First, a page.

Daily Brief: U.S. to send top military official to ease tension with Pakistan

The Rack: Lt. Col. Daniel L. Davis, "Truth, Lies and Afghanistan: How military leaders have let us down" (AFJ). Bringing in the big guns Senior U.S. military commander General James Mattis will reportedly travel to Pakistan sometime this month for talks with Pakistani Army chief General Ashfaq Parvez Kayani to discuss the results of investigations ...

CHRIS KLEPONIS/AFP/Getty Images
CHRIS KLEPONIS/AFP/Getty Images
CHRIS KLEPONIS/AFP/Getty Images

The Rack: Lt. Col. Daniel L. Davis, "Truth, Lies and Afghanistan: How military leaders have let us down" (AFJ).

Bringing in the big guns

Senior U.S. military commander General James Mattis will reportedly travel to Pakistan sometime this month for talks with Pakistani Army chief General Ashfaq Parvez Kayani to discuss the results of investigations into a NATO airstrike that killed 24 Pakistani soldiers in November (NYTETDawn). Pakistan's Defense Minister on Tuesday urged the government to reopen its border to supplies destined for NATO troops in Afghanistan once the coalition has met Pakistani demands, which could include imposing higher fees on trucks using Pakistani roads (DawnThe NewsETAP).

The Rack: Lt. Col. Daniel L. Davis, "Truth, Lies and Afghanistan: How military leaders have let us down" (AFJ).

Bringing in the big guns

Senior U.S. military commander General James Mattis will reportedly travel to Pakistan sometime this month for talks with Pakistani Army chief General Ashfaq Parvez Kayani to discuss the results of investigations into a NATO airstrike that killed 24 Pakistani soldiers in November (NYTETDawn). Pakistan’s Defense Minister on Tuesday urged the government to reopen its border to supplies destined for NATO troops in Afghanistan once the coalition has met Pakistani demands, which could include imposing higher fees on trucks using Pakistani roads (DawnThe NewsETAP).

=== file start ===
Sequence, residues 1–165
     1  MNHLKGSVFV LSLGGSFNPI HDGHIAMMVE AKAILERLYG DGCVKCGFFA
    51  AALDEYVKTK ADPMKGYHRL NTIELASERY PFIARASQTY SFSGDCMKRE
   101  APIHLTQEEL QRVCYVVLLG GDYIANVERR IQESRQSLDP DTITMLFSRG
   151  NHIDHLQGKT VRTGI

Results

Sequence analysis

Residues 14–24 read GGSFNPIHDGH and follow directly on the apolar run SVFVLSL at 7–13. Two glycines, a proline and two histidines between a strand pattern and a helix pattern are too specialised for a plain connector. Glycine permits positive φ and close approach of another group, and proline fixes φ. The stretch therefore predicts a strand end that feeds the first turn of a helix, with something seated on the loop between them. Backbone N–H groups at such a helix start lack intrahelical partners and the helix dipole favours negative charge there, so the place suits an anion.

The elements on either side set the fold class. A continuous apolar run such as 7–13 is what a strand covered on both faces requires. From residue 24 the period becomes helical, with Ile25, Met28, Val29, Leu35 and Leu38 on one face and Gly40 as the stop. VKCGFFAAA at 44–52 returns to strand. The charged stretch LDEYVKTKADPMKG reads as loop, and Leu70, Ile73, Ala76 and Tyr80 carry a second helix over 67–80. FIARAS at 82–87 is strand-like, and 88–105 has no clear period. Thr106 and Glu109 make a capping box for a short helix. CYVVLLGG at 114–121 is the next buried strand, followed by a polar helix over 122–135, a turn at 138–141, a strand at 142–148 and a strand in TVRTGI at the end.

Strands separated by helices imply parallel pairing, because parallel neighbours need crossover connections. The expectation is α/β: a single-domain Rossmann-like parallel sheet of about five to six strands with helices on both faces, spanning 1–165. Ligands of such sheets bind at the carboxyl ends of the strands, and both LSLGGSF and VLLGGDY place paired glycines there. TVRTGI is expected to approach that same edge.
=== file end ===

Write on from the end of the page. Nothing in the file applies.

Pakistan’s powerful Inter-Services Intelligence Directorate (ISI) faces two legal cases this month, one will begin with a hearing tomorrow, and concerns seven suspected militants who have been held by the ISI since 2010, as well as four other detainees who have died over the past six months in ISI custody (NYT). The second case will begin with a hearing on February 29 accusing the ISI of vote-rigging by illegally donating $6.5 million in order to influence the general election in 1990. Meanwhile, a Pakistani-American cab driver pleaded guilty in Chicago on Monday to sending money to Ilyas Kashmiri – a Pakistan-based al-Qaeda operative now thought to be dead – with the intention of helping Kashmiri purchase explosives (AP).

The International Monetary Fund on Monday warned Pakistan that it must protect a "highly vulnerable" economy by reducing inflation, decreasing its budget deficit, and widening its tax base (BloombergAFP). Pakistani and Iranian officials agreed during meetings on Monday to "intensify" work on a multi-billion dollar Iran-Pakistan gas pipeline despite strong U.S. opposition (ETDawn). Pakistani authorities hope this deal will help alleviate the country’s severe energy shortages. Pakistani Prime Minister Yousaf Raza Gilani also signed an agreement on the import of liquefied natural gas from Qatar on Monday at the start of a three-day visit with officials there (ETDawn).

Reuters reports on Pakistan’s millions of child laborers, forced into work by poverty and rising fuel and food costs (Reuters). Finally, casualties from Monday’s factory collapse in Lahore have risen as high as 18, with 13 survivors rescued from the rubble, as police filed a criminal complaint against the owners of the illegally-constructed building, who have fled (DawnBBCAFPReutersCNNAP).

Petty dispute?

An Afghan security officer on Tuesday opened fire at a checkpoint during an argument, killing two police officers and three private security guards (AP). And a NATO helicopter crashed in eastern Afghanistan on Monday, but no one on board was killed (AP). 

Food fight

A new reality television show pitting eight Pakistani chefs against eight Indian chefs first aired in India just last week, but the captain of the Pakistan team, Mohammad Naeem, has already quit, alleging the judges’ bias toward India (AP). As co-host Ira Dubey said in one of the show’s first episodes, " Now the world’s greatest rivalry is going to get spicier."

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Jennifer Rowland is a research associate in the National Security Studies Program at the New America Foundation.

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